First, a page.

‘The Day of the Outlaw’ (1959): A Frozen Western Classic – Review
A gang of outlaws take over a snowy small town, confiscate all the guns, and the leader (Burt Ives) tells the townsfolk they’ll be left in peace as long as they stay calm. The problem is that the old Mr. Ives is going to die from a bullet wound soon, and when he does, his gang are going to rip the town apart. It’s up to a weathered rancher (Robert Ryan) to save the day, but how can he do it without a gun?
The Day of the Outlaw is so good, that I’m a little baffled that I haven’t explored the filmography of Andre De Toth before. I’ve read cineastes like Martin Scorsese and Bertrand Tavernier speak the director’s name in hushed tones of reverence, but beyond the 3D Vincent Price HOUSE OF WAX, the man’s films have remained a mystery to me. I suspect I haven’t deep dived because there isn’t one all out classic people that I could have grasped onto as an entry point. HOUSE OF WAX is a fun film, but it’s gimmick and Price are the real star of the show. After viewing DAY OF THE OUTLAW, I feel like a De Toth marathon is in order.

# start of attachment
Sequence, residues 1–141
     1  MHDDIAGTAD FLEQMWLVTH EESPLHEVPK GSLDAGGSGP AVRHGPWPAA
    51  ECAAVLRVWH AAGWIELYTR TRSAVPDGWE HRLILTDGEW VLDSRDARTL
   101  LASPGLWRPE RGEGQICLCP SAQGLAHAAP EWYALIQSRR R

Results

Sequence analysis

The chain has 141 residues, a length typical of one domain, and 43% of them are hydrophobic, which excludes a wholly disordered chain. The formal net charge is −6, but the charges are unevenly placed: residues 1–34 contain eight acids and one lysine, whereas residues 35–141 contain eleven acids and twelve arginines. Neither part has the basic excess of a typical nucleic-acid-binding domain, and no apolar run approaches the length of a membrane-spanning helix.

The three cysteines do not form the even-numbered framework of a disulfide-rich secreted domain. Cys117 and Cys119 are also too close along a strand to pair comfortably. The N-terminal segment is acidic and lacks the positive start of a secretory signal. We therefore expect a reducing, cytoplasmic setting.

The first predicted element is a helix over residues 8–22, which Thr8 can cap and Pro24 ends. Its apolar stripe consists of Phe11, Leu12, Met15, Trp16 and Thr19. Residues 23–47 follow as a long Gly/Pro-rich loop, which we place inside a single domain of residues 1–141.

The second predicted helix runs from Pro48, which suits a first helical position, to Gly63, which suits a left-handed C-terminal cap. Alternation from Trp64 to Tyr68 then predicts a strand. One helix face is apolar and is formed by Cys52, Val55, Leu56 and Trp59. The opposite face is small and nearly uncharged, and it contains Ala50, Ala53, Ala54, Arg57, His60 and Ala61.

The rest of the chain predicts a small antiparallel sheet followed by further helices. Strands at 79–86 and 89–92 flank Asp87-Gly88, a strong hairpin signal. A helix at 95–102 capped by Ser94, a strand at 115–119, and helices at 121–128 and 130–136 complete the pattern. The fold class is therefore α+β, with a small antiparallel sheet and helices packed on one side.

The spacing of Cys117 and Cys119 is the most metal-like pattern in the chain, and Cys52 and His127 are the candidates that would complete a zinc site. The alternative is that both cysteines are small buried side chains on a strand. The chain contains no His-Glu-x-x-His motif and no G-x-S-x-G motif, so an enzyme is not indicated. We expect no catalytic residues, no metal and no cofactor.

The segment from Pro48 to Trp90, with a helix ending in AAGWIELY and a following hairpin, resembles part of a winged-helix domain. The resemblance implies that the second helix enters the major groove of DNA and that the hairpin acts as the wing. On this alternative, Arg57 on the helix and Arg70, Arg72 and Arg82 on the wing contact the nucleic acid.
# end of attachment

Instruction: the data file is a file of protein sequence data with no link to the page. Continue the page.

De Toth paints OUTLAW in long wide shot blasted by the frozen winds – which is the single most prevalent sound for its running time. He takes a fun high concept plot, cranks up the suspense, and never lets the viewer off the hook. There’s no easy outs in Day of the Outlaw and every victory is fought for tooth and nail. Robert Ryan as the protagonist starts off being what could be considered the villain in the story. He’s committing adultery, and moments before the outlaws arrive, he’s about to kill the cuckolded husband in a duel. He only becomes the hero out of sheer necessity. At the same time, Burt Ives is at his charismatic best (even as he dies from a gunshot wound) as the leader of the outlaws. He doesn’t want to be an evil man, but he will do what he has to in order to survive. It’s a simple game of wills inserted in a snowy landscape that goes on forever.
Don’t get me wrong, the film isn’t a vicious death march by any stretch of the imagination. The body count is actually pretty sparse for a film so heavy with the threat of violence, but it’s mood is never anything less then engrossing. I’m a huge fan of snow set westerns and this one may be the best Hollywood example of the sub-genre that I’ve ever seen.
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